Revolution coming to Financial Services is not Robo

written by: ROBBIE CANNONPresident + CEO for Horizon Investments

Nicolaus Copernicus was a Polish mathematician who formulated and promoted a model of the universe that placed the Sun rather then the Earth at the center of the universe. Today, the financial advice industry is wrestling with whether to continue to speak to clients using traditional investment lingo. That’s interesting in that the traditional language was built around institutional investment needs and goals not individuals’ objectives. For example:

Point in Time Risk: An institutional investment time horizon is in perpetuity, which allows them to take advantage of the law of large numbers or market averages. An individual’s investment horizon, in contrast, is over a specific period in time that-in turn-magnifies the market returns (and risks) over his specific investment period. An institution, e.g. JP Morgan, which traces its roots back over 200 years, can weather a variety of markets. The individual is stuck bearing a particular market, e.g. the retiree in 2008.

Performance Statistics: Because an institution invests in perpetuity, their understanding of their investments are rooted in statistical terms (standard deviation, mean, etc.). However, as an individual is seeking to understand his or her specific journey, these traditional institutional measurements start to cloud the conversation around how to measure their outcome. While it is important to know the metrics of one’s investments, they are just numbers to the individual if taken out of their individual context.

Categorization of Investments: There are thousands of indexes, mutual funds, and ETFs crammed into categories or as some would say “boxes.” An institution may take product proliferation as a distinct positive because they will always desire new ways to diversify or take advantage of statistical anomalies or truisms. But importantly, this proliferation not only confuses the individual but also paralyzes their quest to distinguish investment offerings. Currently, investments are not categorized by the types of goals they should be used to attain. Rather, they are organized by their very specific niche in an overspecialized tradition of irrelevancy, e.g. small-cap Jamaican drum companies. One can easily wonder if much of the new products are merely the byproduct of an overactive quantitative exploitation of markets.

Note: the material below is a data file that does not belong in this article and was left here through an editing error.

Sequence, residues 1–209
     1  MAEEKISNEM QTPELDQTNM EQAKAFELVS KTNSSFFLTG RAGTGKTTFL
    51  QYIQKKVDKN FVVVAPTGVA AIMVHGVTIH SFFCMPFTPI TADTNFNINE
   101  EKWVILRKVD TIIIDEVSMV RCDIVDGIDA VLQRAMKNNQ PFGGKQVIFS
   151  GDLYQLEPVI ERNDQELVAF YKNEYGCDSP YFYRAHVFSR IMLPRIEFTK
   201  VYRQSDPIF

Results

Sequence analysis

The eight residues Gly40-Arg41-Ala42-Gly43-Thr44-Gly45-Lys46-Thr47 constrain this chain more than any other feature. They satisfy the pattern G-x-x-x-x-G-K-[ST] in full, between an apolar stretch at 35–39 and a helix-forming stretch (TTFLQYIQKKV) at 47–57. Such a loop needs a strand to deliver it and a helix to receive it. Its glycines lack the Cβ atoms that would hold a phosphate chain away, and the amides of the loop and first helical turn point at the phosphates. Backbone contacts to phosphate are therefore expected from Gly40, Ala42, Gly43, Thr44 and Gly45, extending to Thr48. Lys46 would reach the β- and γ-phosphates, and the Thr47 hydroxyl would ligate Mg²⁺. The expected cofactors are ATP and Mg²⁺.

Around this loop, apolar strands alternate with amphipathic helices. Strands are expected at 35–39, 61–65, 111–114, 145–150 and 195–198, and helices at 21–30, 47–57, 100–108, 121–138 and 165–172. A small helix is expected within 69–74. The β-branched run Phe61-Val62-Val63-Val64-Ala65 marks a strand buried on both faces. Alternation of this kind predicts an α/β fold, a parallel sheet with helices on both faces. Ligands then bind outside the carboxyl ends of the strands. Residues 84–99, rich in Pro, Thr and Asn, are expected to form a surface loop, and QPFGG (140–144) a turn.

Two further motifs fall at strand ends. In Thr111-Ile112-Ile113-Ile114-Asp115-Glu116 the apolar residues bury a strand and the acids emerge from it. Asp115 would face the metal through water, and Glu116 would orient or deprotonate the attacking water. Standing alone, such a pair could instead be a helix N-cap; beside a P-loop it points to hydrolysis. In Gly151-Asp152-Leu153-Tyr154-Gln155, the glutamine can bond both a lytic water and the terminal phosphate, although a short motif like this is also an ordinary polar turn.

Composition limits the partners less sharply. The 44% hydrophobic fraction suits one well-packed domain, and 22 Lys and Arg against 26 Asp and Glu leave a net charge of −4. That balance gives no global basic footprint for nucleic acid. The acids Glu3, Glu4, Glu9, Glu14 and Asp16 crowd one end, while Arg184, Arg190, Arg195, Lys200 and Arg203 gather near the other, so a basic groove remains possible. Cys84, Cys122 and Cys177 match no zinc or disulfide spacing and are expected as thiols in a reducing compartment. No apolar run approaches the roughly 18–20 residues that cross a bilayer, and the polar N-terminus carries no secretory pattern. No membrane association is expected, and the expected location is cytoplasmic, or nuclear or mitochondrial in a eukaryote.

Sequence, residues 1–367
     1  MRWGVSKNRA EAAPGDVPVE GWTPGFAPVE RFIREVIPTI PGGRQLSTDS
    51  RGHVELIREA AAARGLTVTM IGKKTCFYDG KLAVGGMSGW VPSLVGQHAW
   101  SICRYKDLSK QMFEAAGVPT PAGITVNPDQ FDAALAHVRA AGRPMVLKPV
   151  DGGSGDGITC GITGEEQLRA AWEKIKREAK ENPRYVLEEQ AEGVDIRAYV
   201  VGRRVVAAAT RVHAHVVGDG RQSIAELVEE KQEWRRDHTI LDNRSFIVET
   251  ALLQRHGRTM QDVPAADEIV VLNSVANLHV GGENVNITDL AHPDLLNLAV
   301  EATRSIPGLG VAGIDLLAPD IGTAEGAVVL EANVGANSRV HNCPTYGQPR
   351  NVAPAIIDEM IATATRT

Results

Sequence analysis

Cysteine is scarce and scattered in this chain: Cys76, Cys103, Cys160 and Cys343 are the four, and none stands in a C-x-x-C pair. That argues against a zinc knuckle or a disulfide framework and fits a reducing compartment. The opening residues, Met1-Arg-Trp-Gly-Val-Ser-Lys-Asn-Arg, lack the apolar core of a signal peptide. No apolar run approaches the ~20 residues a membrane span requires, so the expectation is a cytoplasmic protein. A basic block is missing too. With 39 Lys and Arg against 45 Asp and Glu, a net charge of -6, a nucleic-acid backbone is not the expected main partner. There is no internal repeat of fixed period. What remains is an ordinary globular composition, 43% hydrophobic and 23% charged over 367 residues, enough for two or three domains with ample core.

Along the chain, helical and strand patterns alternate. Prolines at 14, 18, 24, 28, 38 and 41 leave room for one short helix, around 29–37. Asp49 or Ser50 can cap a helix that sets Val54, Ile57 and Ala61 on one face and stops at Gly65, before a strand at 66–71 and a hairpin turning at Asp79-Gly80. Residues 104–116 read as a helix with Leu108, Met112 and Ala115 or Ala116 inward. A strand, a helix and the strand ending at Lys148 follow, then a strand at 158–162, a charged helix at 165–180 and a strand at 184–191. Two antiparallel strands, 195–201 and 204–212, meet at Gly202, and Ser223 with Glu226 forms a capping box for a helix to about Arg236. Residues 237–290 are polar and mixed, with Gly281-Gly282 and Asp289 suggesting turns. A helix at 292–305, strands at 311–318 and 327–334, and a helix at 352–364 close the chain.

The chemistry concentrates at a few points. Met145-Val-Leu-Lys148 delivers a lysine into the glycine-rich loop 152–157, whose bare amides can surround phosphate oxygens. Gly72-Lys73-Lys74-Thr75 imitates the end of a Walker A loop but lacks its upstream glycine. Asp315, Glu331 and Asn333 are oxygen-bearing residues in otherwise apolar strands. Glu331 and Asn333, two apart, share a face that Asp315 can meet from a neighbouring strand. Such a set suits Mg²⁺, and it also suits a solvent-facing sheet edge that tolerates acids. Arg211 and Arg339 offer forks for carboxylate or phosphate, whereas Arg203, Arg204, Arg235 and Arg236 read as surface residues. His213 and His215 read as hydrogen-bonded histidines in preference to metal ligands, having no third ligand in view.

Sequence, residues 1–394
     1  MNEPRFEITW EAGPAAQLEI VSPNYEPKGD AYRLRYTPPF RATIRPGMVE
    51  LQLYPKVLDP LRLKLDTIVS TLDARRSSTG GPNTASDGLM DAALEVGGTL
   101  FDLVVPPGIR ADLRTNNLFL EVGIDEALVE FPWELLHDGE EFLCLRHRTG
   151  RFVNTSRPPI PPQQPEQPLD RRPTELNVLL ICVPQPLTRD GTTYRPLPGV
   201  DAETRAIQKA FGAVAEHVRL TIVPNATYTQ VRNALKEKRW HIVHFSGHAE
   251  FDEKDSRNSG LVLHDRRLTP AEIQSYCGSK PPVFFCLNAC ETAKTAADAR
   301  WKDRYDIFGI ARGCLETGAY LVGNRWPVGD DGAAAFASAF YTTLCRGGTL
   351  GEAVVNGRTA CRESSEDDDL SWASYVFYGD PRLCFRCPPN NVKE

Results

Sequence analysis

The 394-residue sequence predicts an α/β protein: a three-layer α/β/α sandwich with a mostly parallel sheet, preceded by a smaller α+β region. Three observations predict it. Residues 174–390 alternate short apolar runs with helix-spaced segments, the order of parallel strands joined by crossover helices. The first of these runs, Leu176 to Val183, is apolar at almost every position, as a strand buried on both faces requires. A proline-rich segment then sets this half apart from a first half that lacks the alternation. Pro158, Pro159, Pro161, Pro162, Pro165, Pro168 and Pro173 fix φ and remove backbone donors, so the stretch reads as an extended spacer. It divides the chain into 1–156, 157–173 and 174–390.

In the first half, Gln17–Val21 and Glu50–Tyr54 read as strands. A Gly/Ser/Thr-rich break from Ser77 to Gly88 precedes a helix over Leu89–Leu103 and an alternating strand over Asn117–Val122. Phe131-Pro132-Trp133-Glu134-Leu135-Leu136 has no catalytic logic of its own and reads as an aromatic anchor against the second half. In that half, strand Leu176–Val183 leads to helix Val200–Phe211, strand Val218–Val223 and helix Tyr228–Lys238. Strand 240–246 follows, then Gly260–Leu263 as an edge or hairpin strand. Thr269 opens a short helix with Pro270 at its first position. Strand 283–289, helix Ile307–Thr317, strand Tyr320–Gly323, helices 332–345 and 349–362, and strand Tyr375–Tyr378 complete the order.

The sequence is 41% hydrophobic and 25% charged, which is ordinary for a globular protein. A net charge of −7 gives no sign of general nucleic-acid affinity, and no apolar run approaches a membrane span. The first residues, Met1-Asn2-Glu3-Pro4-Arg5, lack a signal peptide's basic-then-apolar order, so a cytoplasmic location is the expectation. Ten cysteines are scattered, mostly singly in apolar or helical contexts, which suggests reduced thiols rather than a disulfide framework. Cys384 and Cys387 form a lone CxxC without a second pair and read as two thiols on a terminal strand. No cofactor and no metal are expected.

Risk Tolerance Questionnaire (“RTQ”): Institutions follow investment policy statements while individuals are mapped to investment offerings through risk assessments. Institutions use these policy statements for guidance, evaluation, and audit. Yet, individuals cannot use their assessments for the same purposes because RTQs are based on the institutional investment lexicon, e.g. using standard deviation, beta etc. The individual assessment might assert that a certain investment portfolio has a certain risk level but does not relate that to the individual investor’s needs and goals.

From the use and categorization of investments to how they are measured, the industry is in desperate need of change. How individuals speak in a needs and goal language is much different from an institution. Therefore, a new investment dialect needs to be adopted, so that advisors do not make the mistake of continually describing an investing experience with language that does not reflect their client. This reality is the difference between goals-based and traditional frameworks. Traditional frameworks have ruled the day. But the change needed for the individual is a Copernican investment revolution. A revolution for the individual investor where the investments make sense, measurements actually mean something, and the evaluation criteria reflect their reality. A Goals-Based investment approach puts the individual at the center of the investment universe with a new language to describe it.

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